Creativity is thought of as a uniquely human trait, born from our conscious observations and interpretations of ourselves and the world around us— in that sense, it’s not something machines should ever be capable of.
Nonetheless, few would doubt the ‘left-brain’ potential of Artificial Intelligence (AI) and its ability to paw through massive datasets— extracting insights, predictions, and patterns, all of which can then inform a program’s next action as a result, and enable technology to serve as our digital assistant.
While we may not always know clearly how it’s making decisions, we can be relatively sure those choices are driven by logic.
It’s not to say current uses of AI are exclusive from creative industries or art. For example, AI can comb through banks of historical, creative data and generate new content, based on a patchwork of previous data and an ‘understanding’ of average formats.
However, Anton Oleinik, a sociology professor at Memorial University of Newfoundland, explained the limitations of neural networks, a type of machine-learning algorithm, which are adept at detecting patterns but unskilled when faced with uncertainty.
“Neural networks fundamentally rely on statistical regression–which means that while they’re good at identifying patterns, they fail miserably to anticipate when a pattern will change, let alone connect one pattern to an unrelated pattern, a crucial ingredient in creativity.”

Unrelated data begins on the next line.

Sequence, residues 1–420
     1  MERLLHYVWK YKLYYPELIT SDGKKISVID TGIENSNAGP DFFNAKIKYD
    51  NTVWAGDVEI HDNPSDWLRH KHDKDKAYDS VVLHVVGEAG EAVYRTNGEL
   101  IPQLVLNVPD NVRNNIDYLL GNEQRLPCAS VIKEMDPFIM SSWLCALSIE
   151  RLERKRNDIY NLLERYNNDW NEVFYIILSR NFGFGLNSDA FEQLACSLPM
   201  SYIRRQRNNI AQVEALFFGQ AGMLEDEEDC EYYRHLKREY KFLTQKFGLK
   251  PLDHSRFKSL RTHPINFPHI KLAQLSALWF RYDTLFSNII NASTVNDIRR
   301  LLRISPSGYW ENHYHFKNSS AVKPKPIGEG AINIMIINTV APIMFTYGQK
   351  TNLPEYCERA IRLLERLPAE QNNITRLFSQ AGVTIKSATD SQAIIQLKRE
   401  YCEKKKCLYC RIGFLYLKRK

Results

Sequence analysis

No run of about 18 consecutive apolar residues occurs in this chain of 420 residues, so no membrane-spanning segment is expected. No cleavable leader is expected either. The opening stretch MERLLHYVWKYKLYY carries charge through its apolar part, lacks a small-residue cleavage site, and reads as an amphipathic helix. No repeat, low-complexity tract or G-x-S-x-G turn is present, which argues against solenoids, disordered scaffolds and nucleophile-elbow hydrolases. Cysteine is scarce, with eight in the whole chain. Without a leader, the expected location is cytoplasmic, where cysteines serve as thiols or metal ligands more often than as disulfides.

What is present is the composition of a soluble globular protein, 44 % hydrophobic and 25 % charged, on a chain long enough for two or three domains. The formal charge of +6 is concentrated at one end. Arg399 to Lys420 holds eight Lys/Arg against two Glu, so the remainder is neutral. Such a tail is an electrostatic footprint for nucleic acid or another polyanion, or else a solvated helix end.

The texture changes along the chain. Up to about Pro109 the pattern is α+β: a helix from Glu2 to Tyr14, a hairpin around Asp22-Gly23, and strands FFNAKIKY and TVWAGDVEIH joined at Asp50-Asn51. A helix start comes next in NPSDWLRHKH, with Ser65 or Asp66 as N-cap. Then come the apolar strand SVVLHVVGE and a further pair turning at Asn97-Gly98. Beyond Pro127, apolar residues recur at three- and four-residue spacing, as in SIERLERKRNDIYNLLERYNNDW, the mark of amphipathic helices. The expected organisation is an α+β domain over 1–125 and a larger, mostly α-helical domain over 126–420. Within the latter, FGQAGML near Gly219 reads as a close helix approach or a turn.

The debate has led to a series of research and exploration into what it truly means to be creative. But perhaps the link between AI and creativity is best explored in its ability to assist artists with their work and generate new sources of inspiration that would have never otherwise been uncovered.
AI is the muse?
In Paris, Google’s Arts and Culture Lab used machine learning to organize a collection of runway photos by color palette. The collection consists of 140,000 photos from 4,000 fashion shows, featuring as many as 1,000 designers. This multitude of runway looks was categorized by main colors, creating a visualization of a colorful pattern.
“Everyone can now use the color palette visualization to explore colors, designers, seasons, and trends that come from Fashion Weeks worldwide. You can even snap or upload a picture of, let’s say, your closet, or autumn leaves and discover how designers used a similar color palette in fashion,” Damien Henry, Technical Program Manager, Google Arts & Culture stated.
Alongside creating a visually appealing model for user engagement, AI’s ability to look into the historical archives of creative media can provide new scope for inspiration based on brand heritage.
And that is exactly how an advertisement for a popular sportswear brand—Nike was produced. Jean-Baptiste Le Divelec, a creative copywriter, fed seven years’ worth of Nike commercials into a neural network system as an experiment to produce original content.
The result of the neural network’s abstraction was indeed abstract, but— if you weren’t aware a machine and a bank of data were behind its copywriting— you could perceive it as creative in its messaging.
In another case, Japanese luxury carmaker Lexus collaborated with IBM Watson to produce a commercial script written by AI. Similarly, the AI was fed with 15 years of award-winning luxury adverts and, based on the input, produced a script for the automotive company which was then turned into an advertisement.
In the end, AI may be far from creating independent creative content or the next blockbuster, but it can be a powerful tool in enhancing creative production for better user engagement. As it continues to develop, we will see AI become another tool in the creative’s suite. And perhaps it will always be just that— in the same way as a paintbrush or photoshop facilitates art.